Three residents who live close to land owned by the Thai Buddist Temple on Steele Road told the Spalding County Board of Appeals just that on Thursday.
Troy Hulon, who lives across Steele Road from the site, said, “We feel this country temple is a tornado of sorts to us,” because of the expansion and increased traffic. “How can it be a country temple if they keep building?”
Terry Sweatt, who lives on 30 acres adjacent to the temple, said “no one’s very happy about this in the Birdie community.”
Sweatt said the community accepted it, but residents are not happy.
“I think the five acres they have is sufficient for what they say goes on out there,” Sweatt said.
Andy Finley said the temple “is not something anybody in this community wants.”
The temple has asked to expand the special exception allowing for a place of worship from the current five acres approved in 2007 to two other adjacent tracts for a total of 17.563 acres.
The Board of Appeals recommended approval of the special exception.
Attorney Michael Goode said the temple is looking to combine the three tracts into one tract for a place of meditations and worship. He asked for the same treatment as any other place of worship and said the group “was absolutely committed to compliance.”
Hulon, Sweatt and Finley each cited instances where building was done without permits or was not in compliance, including a pavilion, storage building and outside lighting as well as complaints about increased traffic, the number of people actually attending services and onsite parking.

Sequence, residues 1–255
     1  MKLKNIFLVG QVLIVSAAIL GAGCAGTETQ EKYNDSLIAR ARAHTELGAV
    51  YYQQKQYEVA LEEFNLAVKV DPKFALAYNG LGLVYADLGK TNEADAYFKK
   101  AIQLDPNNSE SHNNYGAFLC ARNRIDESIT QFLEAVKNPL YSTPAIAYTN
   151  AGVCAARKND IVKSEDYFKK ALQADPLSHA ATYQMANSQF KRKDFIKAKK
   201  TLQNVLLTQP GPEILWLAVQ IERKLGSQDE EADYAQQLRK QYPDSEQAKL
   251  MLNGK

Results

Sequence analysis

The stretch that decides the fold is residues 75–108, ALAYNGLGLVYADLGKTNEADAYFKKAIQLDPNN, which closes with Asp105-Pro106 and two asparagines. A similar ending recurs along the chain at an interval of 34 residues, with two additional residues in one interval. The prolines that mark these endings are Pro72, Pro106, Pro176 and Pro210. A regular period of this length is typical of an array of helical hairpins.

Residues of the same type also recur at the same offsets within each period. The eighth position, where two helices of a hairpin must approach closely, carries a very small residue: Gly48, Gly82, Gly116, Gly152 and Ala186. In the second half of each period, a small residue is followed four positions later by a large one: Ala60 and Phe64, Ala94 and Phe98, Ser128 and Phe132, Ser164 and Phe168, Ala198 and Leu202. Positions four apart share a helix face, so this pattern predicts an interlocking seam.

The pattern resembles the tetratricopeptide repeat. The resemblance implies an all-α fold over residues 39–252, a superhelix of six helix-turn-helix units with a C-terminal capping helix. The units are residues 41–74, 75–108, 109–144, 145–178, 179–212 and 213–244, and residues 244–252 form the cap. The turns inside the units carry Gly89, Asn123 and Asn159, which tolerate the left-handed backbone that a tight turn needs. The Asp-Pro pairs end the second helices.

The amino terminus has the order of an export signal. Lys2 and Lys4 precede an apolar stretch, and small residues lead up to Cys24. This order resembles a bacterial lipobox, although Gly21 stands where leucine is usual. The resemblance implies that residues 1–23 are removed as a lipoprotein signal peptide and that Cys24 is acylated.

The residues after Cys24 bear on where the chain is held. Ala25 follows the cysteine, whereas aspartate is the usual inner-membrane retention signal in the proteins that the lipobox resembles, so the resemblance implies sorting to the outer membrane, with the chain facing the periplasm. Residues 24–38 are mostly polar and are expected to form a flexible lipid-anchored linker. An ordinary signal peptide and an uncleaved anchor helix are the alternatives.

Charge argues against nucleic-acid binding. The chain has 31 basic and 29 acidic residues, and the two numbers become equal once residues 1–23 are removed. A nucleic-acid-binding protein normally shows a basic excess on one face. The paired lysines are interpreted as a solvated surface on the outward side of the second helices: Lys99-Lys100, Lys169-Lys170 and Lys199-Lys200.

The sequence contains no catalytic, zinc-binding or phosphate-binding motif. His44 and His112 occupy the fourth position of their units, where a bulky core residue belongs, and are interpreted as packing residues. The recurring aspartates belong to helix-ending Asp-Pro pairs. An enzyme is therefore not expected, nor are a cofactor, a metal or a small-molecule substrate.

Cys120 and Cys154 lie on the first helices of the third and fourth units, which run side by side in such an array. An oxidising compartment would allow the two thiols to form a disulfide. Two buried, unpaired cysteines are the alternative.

They said the objections were not about religion, but about not following the rules.
“I’d feel the same way if it was a Baptist church,” Sweatt said.
They were also concerned that most of the traffic they see is from outside Spalding County.
“Our rights collectively,” Finley said, “should be more than what this group wants to do.”
Community Development Director Chuck Taylor said there has been expansion from what was approved, but said “it was comparable in scope to what we see in churches around this county.”
He said some of the violations have been addressed, including the lighting and use of the storage building as an assembly hall. The storage building cannot be used for an assembly hall until the special exemption is approved and a certificate of occupancy is issued.
The other violations were addressed in the stipulations for approval of the special exception including moving or tearing down the portion of the pavilion built in the buffer area or getting another special exception for the pavilion.
Any outside lighting will have to avoid glare and keep the light only on the property. He also recommended a site plan for any additional building on the site.
The issue will come before the Spalding County Board of Commissioners at the next zoning meeting at 6 p.m. Aug. 30.